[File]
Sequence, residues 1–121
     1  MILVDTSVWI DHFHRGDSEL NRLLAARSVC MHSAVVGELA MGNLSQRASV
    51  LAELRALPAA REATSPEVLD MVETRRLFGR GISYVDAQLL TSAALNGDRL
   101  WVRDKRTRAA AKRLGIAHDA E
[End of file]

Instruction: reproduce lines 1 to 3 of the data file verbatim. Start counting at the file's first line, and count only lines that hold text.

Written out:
Sequence, residues 1–121
     1  MILVDTSVWI DHFHRGDSEL NRLLAARSVC MHSAVVGELA MGNLSQRASV
    51  LAELRALPAA REATSPEVLD MVETRRLFGR GISYVDAQLL TSAALNGDRL